Los Angeles County

Los Angeles County Records 8 More COVID Deaths

"The end of the pandemic is directly related to our collective behavior," said Public Health Director Barbara Ferrer.

nurses prepare their personal protective equipment
Nic Coury/Bloomberg via Getty Images

Los Angeles County reported another eight COVID-19 deaths and 826 new cases in its latest data, but health officials said the unusually low numbers are likely the result of weekend reporting delays.

The new fatalities lifted the countywide death toll from the virus to 26,320, while the cumulative case total from throughout the pandemic rose to 1,471,645. Officials have said that about 90% of the fatalities associated with COVID-19 occurred in people with underlying health conditions.

According to state figures, there were 667 COVID-positive hospital patients in the county as of Monday, up from 656 on Sunday. The number of those patients in intensive care was 195, down from 202 on Sunday.

The number of COVID patients in county hospitals has declined 36 times in the past 42 days.

As of Monday, the rolling average daily rate of people testing positive for the virus was 0.9%.

The health department also reported over the weekend that between Aug. 29 and Sept. 25, unvaccinated Black and Latinx people had the county's highest infection rates, with 587 to 594 new cases per 100,000 people. Across all racial and ethnic groups, infection rates among unvaccinated people remained two to three times higher than among vaccinated people.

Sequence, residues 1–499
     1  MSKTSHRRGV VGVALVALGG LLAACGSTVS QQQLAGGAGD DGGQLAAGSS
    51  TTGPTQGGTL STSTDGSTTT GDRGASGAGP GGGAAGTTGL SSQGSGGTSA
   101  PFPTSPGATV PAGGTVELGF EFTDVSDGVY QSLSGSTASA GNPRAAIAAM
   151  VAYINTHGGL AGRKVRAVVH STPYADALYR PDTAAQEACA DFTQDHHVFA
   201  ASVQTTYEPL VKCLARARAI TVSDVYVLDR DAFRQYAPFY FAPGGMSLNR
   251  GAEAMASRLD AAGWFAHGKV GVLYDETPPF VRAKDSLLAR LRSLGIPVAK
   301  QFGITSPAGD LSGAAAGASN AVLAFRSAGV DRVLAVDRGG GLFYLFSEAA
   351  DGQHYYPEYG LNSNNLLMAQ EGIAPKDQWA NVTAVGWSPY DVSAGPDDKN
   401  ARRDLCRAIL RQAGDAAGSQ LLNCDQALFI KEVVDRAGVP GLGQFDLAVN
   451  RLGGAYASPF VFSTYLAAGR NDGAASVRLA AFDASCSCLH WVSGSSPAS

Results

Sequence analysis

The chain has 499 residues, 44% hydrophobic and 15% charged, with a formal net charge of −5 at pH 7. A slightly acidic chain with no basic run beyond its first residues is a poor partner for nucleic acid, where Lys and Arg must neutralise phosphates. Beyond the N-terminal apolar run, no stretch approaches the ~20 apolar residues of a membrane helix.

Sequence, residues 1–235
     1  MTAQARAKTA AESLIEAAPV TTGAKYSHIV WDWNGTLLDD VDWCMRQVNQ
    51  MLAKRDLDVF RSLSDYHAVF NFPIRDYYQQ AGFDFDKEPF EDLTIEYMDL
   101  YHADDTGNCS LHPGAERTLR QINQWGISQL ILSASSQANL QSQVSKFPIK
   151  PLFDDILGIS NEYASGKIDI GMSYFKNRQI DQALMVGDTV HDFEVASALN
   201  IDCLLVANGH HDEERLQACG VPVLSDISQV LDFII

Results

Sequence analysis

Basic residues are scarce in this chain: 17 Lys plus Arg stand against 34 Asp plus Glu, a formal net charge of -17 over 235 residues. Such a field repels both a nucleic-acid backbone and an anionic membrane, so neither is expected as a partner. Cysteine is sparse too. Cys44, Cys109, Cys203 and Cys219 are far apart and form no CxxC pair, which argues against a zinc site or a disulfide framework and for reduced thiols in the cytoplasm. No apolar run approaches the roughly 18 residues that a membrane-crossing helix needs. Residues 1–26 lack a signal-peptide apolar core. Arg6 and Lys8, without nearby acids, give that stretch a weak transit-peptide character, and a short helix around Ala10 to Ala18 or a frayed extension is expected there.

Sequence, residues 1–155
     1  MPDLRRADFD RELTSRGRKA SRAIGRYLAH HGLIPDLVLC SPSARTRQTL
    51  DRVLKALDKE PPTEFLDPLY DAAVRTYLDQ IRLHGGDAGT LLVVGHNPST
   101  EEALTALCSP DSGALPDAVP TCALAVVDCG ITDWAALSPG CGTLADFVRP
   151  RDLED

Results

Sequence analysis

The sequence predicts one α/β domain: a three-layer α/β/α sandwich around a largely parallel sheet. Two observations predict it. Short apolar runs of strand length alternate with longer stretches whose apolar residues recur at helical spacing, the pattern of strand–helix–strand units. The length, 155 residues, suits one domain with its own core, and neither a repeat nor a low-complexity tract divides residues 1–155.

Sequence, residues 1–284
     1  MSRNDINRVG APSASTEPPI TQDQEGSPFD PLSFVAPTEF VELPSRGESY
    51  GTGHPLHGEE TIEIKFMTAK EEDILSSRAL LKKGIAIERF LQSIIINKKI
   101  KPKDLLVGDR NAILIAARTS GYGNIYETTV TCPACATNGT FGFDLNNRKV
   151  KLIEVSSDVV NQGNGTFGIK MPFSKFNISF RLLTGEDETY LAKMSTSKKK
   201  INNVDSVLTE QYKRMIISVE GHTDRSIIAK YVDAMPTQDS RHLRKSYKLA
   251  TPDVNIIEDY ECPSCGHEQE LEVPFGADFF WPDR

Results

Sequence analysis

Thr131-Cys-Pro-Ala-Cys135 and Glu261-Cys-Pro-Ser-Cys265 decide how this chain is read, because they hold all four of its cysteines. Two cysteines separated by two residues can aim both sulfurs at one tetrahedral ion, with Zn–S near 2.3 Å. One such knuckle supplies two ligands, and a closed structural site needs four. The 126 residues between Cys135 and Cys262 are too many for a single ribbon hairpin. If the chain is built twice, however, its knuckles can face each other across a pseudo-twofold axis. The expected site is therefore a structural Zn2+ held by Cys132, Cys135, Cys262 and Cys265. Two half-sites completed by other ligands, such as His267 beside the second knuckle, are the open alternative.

Black residents also had the highest hospitalization rates among both vaccinated and unvaccinated residents, with a rate of 62 hospitalizations for every 100,000 unvaccinated people, 27% higher than the rate in the next highest group, Latinx residents.

Among unvaccinated people, white residents had the highest death rates of all groups, followed closely by Latinx and Black residents.

"The higher rates of hospitalization and death among Black and Latinx residents is a tragedy that reflects longstanding inequities in access to the resources that promote good health and prevent chronic illness," Public Health Director Barbara Ferrer said. "As we approach cooler weather and the accompanied substantial disease spread, these numbers are a reminder of the importance of remaining focused on bringing the vaccine to unvaccinated individuals, especially those with risk factors associated with social and economic inequities that increase their risk of severe illness. The end of the pandemic is directly related to our collective behavior."

Friday marked the first full day of new COVID-19 vaccination requirements for employees and customers at indoor portions of bars, wineries, distilleries, nightclubs and lounges in Los Angeles County. Employees and patrons of such businesses must show proof of at least one dose of vaccine, while two doses will be required beginning Nov. 4.

Unvaccinated customers and employees can still be in outdoor portions of affected establishments.

Meanwhile, people aged 12 and over attending outdoor mega-events of 10,000 or more people are now required to show proof of either full vaccination or a negative COVID test taken within 72 hours. The requirement affects ticketed sporting events, outdoor concerts and theme parks that have 10,000 or more people in attendance.

Mask-wearing is also be required at all such events.

The vaccination-or-testing requirement was already in place for large indoor events of 1,000 people or more.

Overall, 78% of eligible county residents aged 12 and up have received at least one dose of vaccine, while 70% are fully vaccinated. Of the county's overall 10.3 million population, including 1.3 million kids under age 12 who are ineligible for the shots, 67% have at least one dose, and 60% are fully vaccinated.

Copyright CNS - City News Service
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